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Researching Anthroposophy

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  • ted.wrinch
    I get sent stuff as a member of the UK anthro society. Before the web, it was difficult to get a wider perspective on some of this material. Now you can just
    Message 1 of 1 , Apr 5, 2012
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      I get sent stuff as a member of the UK anthro society. Before the web, it was difficult to get a wider perspective on some of this material. Now you can just do a search, look up the results, click on some of the links and surprising, positive things can show up. Of course, this works both ways and the critics too are lauding the easy access they now have all over the world to the material they find 'positive' (you can see them pulling this material into their wars on the kinds of sites I excerpted from in my earlier post).

      The links I've just reached stated with a search on a book Stephen Clarke might find interesting, that's been published in the UK by the Edinburgh based publishing house Floris books. The book's called 'Spirtual TurningPoints of South American History' and is by Luigi Morelli. The blurb describes it:

      'This book traces legends from the Andes and Inca traditions in South America, placing myths and history side by side. Luigi Morelli's approach is both scientific and imaginative as he seeks to document the correlation between historical turning points in the region, and the spiritual events that ushered them in.'

      He has a website http://www.revolutionofhope.net/pages/experiential.html .

      With lots of links to other resources, one of which is on 'Theory U':

      "Theory U explores a whole new territory of scientific research and personal leadership. By moving through the "U" we learn to connect to our originating Self. We travel down the left side of the "U" to find ourselves in the realm of presencing, where we learn to sense the future that is seeking to emerge. At that level of operating, we experience the opening of our minds, our hearts and our wills. Yes, this is an intellectual journey, but it's one that is grounded in real life experience and shared practices. On this journey of sensing, presencing and realizing, we learn new ways of being—ways crucial for each of us at this chaotic time (fromhttp://www.ottoscharmer.com). "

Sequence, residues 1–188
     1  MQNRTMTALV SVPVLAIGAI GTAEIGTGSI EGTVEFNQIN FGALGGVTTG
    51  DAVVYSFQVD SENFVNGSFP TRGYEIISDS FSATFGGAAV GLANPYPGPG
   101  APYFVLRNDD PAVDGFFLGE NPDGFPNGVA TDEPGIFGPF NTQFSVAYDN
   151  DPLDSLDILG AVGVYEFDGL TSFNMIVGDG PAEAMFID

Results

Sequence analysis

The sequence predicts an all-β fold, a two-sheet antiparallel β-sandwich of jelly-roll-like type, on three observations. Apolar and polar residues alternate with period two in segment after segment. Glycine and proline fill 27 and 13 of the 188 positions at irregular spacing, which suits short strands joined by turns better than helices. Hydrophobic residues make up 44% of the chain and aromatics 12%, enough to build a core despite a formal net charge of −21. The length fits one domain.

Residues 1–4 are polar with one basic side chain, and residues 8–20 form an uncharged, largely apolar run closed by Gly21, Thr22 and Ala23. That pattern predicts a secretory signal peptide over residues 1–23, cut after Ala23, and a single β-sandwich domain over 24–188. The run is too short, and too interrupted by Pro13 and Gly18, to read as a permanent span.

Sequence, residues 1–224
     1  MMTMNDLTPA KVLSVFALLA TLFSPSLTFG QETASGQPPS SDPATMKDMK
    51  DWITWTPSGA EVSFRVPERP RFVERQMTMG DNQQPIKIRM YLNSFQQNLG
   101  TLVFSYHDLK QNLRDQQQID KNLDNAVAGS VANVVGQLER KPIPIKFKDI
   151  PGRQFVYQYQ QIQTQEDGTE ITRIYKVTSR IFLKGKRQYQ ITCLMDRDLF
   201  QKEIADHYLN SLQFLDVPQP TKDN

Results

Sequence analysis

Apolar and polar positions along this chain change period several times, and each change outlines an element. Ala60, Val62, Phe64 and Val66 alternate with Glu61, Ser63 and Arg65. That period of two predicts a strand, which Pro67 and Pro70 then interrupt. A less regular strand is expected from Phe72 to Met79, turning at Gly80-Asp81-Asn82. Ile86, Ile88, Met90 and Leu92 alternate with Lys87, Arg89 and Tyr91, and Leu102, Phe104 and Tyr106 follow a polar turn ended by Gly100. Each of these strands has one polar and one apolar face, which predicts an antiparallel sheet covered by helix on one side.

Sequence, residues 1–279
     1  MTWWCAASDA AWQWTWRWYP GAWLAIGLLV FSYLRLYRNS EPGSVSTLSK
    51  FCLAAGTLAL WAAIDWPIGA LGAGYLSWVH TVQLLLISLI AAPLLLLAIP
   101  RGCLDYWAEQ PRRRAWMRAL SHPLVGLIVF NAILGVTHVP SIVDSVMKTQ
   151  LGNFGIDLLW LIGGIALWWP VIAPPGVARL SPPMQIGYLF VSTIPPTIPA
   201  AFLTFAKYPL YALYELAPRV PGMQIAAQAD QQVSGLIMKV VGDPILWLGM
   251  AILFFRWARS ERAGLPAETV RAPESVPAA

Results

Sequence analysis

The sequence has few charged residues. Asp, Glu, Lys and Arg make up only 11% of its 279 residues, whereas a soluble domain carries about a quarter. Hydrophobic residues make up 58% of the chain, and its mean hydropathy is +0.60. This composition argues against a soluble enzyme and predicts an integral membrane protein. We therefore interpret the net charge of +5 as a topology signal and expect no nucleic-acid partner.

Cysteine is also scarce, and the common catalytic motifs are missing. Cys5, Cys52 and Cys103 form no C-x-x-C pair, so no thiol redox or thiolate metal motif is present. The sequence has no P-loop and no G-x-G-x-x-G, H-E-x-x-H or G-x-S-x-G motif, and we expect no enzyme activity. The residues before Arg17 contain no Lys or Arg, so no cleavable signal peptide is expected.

Otto Scharmer works at MIT and has a bio page on his site:

      "Dr. C. Otto Scharmer is a Senior Lecturer at the Massachusetts Institute of Technology (MIT) and the founding chair of the Presencing Institute. He has co-designed and delivered award-winning leadership programs for clients including Daimler, Pricewaterhouse, Fujitsu, and Eileen Fisher. Scharmer is a core faculty member of the UN Leaders Program (at the UN Staff College) and chairs the MIT IDEAS program, which brings together key leaders from business, government, and civil society to co-create profound innovation and systems change. He introduced the concept of "presencing" – learning from the emerging future – in his books Theory U and Presence (the latter co-authored with P. Senge, J. Jaworski, and B. S. Flowers), which have been translated into twelve languages.

      Scharmer holds a Ph.D. in economics and management from Witten-Herdecke University in Germany. With his colleagues, he has used presencing to facilitate profound innovation and change in health, education, sustainability, and business systems. More information about Scharmer and his work can be found at: www.presencing.com"

      The thing I note is that he has a PhD from Witten-Herdecke University, an institution that Diana would describe as suffering from poor academic quality, pace her piece on Daisy's course at Plymouth, as it's an anthro university! People here that read German will know more about it than I, but I've noticed in the past that it's created a lot of heated attention from skeptics and the like. But I see from the Wiki article that it was founded by Dr. Konrad Schily, who's now a member of the Bundestag and who is brother of co-founder of the Greens and former Federal Minister of the Interior Otto Schilly.


      Ted Wrinch
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